“I’m always mentally photographing everything as practice.” –
These types of street scenes have always held a strong attraction for me. Although images like this don’t seem to fit easily into any real genre, I would be very surprised if there were not a great many other people doing the same type of work.
I am so often entranced by a very carefully choreographed dance of people interacting with one another without seeming to that I feel a need to make pictures of the scene. In this image people are waiting for a bus, the boring and mundane minutia of every day, yet it can be as beautiful a scene as any vast landscape and as relevant. Not that I was thinking such things at the time this and other similar images were shot, no, it was the clear golden slanting light from an early morning Polish winter sun that was attracting my attention.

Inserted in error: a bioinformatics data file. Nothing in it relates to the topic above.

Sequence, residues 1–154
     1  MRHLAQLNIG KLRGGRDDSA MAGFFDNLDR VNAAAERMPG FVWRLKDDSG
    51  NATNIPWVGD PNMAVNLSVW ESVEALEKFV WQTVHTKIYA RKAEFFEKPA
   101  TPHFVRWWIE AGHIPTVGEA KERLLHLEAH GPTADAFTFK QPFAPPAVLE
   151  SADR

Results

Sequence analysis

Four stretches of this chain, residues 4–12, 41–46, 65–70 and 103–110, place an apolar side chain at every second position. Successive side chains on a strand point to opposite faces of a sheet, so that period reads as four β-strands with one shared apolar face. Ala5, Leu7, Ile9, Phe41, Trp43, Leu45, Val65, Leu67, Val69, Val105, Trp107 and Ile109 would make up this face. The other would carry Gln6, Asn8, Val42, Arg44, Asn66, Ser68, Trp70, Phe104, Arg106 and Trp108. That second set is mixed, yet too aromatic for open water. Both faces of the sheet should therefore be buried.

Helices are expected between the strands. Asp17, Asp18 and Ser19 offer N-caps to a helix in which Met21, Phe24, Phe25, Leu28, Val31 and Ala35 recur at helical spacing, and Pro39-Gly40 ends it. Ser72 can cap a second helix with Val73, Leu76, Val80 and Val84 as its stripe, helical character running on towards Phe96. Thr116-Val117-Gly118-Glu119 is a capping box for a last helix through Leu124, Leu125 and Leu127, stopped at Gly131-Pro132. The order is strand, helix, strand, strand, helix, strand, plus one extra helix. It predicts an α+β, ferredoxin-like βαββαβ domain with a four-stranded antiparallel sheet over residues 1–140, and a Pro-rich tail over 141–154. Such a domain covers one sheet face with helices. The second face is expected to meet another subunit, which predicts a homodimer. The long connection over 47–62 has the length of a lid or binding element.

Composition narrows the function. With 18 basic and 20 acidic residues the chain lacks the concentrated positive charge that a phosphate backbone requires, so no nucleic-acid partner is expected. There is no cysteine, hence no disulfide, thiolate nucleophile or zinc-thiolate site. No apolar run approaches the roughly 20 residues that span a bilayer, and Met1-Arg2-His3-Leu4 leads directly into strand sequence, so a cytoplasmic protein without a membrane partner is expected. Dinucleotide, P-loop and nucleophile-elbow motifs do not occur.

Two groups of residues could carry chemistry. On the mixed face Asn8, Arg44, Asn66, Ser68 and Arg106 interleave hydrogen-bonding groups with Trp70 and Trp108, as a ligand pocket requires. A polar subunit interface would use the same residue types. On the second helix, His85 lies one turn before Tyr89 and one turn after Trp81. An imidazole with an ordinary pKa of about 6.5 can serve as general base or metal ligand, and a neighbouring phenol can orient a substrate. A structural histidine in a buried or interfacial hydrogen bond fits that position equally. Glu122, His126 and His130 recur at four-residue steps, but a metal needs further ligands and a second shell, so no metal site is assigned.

So there we have it, the boring and the mundane, when dissected by strong contrasty light is what attracts me in street theatre. Not the ironic, caustic or ugly nor the odd or the socially deformed. While I will always owe a debt to the likes of Robert Frank and the so-called New York School in general, it was the outsider Saul Leiter whom I admired most.
You can find some of Saul Leiters work in the Archives of the Spotlight section at the address below;
As an aside; I generally mount the camera on a monopole when wandering the streets with a camera. Although I think I’ve mentioned this before, it has become important for me in the last few years to be both very visible when shooting in urban situations, and to have a stable platform for the camera.
50mm, f/9, 1/400 sec, ISO100.